Positive Externalities

HideShow resource information
  • Created by: kira
  • Created on: 16-10-12 19:40
Preview of Positive Externalities

First 225 words of the document:

Positive externalities
What are positive externalities (or external benefits)?
Positive externalities may occur in the production and the consumption of a good or service. An
example of an external benefit in production is the recycling of waste materials such as newspapers,
glasses or tins. It has the benefit of reducing the amount of waste disposal for landfill sites as well as
re-using materials for production.
AN example of an external benefit in consumption is the vaccination of an individual against some
diseases. It reduces the possibility of other people catching the virus who come into contact with the
vaccinated individual.
Private Benefits
In a free market, consumers are only concerned with the private benefits or utility from consuming a
good or service. Economists assume this can be measured by the price that consumers are prepared
to pay for a good or service. Private benefits may also refer to the revenue that a firm obtains from
selling a good or service.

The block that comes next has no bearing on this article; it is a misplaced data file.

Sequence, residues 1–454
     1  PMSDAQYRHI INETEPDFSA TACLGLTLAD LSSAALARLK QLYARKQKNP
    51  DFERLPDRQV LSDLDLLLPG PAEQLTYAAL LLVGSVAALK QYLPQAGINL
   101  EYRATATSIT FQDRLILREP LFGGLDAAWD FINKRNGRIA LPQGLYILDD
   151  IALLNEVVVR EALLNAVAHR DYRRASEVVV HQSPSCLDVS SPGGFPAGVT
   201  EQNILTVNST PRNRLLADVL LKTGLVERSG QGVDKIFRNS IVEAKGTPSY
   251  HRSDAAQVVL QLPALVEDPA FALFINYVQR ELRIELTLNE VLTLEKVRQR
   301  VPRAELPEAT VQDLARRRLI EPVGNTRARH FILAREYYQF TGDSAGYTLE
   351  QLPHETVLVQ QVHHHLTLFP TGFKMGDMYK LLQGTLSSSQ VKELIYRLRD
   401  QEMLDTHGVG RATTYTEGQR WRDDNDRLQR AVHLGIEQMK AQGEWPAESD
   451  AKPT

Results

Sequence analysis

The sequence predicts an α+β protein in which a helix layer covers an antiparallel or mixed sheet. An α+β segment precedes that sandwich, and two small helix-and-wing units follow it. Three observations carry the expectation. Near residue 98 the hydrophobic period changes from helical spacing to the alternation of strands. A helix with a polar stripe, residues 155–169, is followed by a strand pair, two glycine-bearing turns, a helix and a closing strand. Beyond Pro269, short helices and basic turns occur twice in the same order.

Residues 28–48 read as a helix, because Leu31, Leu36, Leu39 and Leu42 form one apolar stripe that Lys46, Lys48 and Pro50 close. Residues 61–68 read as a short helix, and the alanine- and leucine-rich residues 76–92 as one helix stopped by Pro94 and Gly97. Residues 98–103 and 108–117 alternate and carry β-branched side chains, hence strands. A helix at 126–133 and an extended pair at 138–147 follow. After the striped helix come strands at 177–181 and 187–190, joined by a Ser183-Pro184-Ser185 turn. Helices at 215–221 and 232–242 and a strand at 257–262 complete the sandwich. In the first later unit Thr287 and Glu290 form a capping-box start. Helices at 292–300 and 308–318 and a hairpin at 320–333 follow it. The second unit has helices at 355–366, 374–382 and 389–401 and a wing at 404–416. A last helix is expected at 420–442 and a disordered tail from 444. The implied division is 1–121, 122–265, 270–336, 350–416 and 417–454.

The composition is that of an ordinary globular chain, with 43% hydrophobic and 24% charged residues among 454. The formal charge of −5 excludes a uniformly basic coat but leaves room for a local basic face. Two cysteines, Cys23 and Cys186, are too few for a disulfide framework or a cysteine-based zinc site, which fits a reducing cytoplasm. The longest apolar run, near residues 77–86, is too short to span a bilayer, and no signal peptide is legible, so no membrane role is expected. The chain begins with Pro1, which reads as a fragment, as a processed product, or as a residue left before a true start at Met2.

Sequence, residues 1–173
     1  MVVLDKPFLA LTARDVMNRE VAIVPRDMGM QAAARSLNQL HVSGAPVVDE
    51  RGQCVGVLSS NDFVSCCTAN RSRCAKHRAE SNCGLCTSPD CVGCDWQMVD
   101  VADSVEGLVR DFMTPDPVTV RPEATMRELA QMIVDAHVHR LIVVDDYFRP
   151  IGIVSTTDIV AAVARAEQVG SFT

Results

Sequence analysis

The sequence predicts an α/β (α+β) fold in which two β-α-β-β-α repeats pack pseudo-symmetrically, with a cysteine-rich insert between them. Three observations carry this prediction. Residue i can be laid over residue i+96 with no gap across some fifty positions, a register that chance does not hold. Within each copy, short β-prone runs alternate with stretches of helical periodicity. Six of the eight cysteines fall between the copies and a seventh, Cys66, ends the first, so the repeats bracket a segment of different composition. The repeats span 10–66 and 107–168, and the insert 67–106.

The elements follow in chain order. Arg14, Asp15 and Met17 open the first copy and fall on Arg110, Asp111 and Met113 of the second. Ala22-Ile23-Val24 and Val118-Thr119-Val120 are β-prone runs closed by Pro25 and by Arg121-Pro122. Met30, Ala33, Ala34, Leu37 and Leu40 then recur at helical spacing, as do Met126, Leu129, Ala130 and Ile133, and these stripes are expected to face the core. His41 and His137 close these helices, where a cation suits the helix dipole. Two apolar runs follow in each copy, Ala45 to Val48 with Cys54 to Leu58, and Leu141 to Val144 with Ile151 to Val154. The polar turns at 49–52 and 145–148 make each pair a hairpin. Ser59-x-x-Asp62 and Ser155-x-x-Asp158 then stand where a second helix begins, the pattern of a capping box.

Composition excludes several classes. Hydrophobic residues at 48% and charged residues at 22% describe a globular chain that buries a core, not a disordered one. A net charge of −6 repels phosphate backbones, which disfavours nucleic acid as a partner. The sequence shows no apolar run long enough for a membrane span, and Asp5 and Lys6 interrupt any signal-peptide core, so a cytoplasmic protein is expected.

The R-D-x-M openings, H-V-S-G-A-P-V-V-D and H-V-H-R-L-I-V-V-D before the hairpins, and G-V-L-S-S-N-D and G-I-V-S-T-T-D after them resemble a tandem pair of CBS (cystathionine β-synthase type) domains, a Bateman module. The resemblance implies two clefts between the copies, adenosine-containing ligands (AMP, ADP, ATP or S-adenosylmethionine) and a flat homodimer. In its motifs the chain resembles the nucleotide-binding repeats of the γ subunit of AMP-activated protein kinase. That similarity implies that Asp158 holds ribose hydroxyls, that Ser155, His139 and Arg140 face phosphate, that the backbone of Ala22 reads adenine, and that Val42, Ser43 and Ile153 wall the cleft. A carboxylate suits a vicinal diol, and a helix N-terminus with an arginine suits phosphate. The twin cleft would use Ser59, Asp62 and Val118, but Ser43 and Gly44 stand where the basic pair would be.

Social Benefits
By adding private benefits to external benefits we obtain social benefits. This means that external
benefits are the differences between private and social benefits.
(1)
MSB=Marginal Social Benefits
MPB=Marginal Private Benefits
MPC=Marginal Private Costs
MSC=Marginal Social Costs

Other pages in this set

Page 2

Preview of page 2

Here's a taster:

The difference between MPB and MSB is private benefits.
External Benefits and the triangle of welfare gain
The free market ignores private externalities. However, adding external benefits on to the
consumption of a good or service, such as the consumption of solar energy, causes the demand curve
to shift right and become the marginal social benefit diagram shown below.
When external benefits are ignored there is under-pricing and under-production.…read more

Page 3

Preview of page 3

Here's a taster:

Subsidies
The government often subsidies goods and services which have significant external benefits, such as
education and healthcare. Subsidies may also be given to alternative forms of economic activity
which create less pollution, such as public transport and renewable energy. The effect of a subsidy is
to reduce the price of renewable energy, leading to an extension in demand. The level of pollution
should fall as consumers switch to renewable energy.…read more

Comments

No comments have yet been made

Similar Economics resources:

See all Economics resources »See all resources »